A retired Michigan Opera Theatre (MOT) musician told the World Socialist Web Site that the pandemic had devastated the arts, and not just performers. “There are so many ancillary people—stagehands, makeup and costumes; it gets into large numbers of people who are out of work. Often operas have dancers and ballet dancers, choruses. ...

“In Detroit, the MOT put on a successful drive-thru performance at the parking garage, but outside of that they were out of work. We do not get paid if we do not perform. Many musicians have other jobs, such as teaching. Others have jobs outside of music altogether.”

He said, “It was very odd” that the Met held its gala in Germany and not New York. “Apparently the concertmaster of the Met Orchestra was cleaning out his locker at the Met and discovered these signs backstage talking about this gala taking place in Germany. None of the Met musicians were hired. It was a small thing, they could have done it in New York. But the stage crew was locked out at the Met.

“They are using the pandemic as a way to turn back the clock on orchestra pay and everything else. A number of Met orchestra members have left New York because they can’t afford to live there. It will take them years to come back from that.”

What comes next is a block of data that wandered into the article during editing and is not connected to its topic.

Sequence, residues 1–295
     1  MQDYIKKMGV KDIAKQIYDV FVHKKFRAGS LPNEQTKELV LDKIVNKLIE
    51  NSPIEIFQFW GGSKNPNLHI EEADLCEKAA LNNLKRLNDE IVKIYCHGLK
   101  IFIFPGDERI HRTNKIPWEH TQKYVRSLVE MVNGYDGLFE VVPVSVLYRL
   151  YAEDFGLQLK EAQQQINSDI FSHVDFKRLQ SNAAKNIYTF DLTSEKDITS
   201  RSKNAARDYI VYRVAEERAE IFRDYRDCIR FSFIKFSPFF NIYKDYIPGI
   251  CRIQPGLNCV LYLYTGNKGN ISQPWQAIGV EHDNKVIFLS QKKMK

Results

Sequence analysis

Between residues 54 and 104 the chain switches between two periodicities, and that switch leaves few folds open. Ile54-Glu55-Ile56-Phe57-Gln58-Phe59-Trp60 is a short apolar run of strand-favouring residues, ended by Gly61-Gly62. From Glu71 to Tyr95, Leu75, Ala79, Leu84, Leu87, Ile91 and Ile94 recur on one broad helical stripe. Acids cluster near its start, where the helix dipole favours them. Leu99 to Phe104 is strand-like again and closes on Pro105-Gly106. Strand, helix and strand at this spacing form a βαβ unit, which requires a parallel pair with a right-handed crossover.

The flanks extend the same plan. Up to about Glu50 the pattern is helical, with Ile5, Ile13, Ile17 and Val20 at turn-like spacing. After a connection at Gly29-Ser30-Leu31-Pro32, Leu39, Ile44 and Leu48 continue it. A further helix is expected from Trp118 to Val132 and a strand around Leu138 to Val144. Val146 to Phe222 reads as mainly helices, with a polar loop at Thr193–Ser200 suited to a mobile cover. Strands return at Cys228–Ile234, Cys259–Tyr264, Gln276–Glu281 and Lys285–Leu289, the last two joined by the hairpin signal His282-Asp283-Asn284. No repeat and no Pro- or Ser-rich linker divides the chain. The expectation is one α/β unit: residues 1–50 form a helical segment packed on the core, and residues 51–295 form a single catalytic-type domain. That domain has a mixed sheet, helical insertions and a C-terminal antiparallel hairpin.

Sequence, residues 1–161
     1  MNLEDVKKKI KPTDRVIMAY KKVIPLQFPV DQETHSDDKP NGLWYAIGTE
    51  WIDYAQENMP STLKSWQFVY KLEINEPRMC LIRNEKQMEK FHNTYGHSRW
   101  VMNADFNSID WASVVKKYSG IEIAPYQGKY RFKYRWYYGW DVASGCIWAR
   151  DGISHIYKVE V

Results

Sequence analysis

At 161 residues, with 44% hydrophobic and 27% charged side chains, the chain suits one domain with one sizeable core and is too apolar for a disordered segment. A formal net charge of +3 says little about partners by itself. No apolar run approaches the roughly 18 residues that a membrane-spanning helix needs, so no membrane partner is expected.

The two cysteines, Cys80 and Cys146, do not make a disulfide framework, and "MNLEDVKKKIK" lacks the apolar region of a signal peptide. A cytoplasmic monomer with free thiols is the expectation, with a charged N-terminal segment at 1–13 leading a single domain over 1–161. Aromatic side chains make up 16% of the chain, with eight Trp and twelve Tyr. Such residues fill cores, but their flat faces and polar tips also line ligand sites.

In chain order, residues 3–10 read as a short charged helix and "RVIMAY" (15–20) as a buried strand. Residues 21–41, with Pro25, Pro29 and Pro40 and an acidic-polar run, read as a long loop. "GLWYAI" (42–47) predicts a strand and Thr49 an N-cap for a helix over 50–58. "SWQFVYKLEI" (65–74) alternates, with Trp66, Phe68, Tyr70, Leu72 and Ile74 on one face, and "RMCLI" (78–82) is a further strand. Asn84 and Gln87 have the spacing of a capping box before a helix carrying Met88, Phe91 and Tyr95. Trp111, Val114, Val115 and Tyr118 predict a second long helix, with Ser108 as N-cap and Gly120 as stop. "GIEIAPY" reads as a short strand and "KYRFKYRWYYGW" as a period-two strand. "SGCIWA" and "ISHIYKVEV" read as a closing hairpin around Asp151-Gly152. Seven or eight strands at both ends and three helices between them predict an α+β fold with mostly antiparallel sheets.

He spoke on the funding crisis facing the arts. After the 2008 financial crash, the MOT cut its performances 25 percent—”That never came back.”

He added, “There has been some support for music venues, but none for musicians and entertainers.

“I was forced into retirement. But now the pensions are in big trouble too. They are estimating the American Federation of Musicians pension will run out of money by 2025.”

There was no end in sight to the crisis, he said, “They have the vaccines, but the government is fumbling that. They don’t even have enough personnel to get the shots into people’s arms. They were supposed to vaccinate 20 million, and they only did 4 million. The entire capitalist system is being exposed.”

Artists and musicians deserve the widest public support, but the only realistic basis for the defense of the arts as well as all basic social rights is the mobilization of the working class. Workers and young people must insist that access to art and culture is a basic social right and must be made accessible to all. The vast wealth currently being siphoned into the pockets of Wall Street investors through government bailout must be redirected toward meeting critical social needs, including the support of culture, which is vital for a healthy society.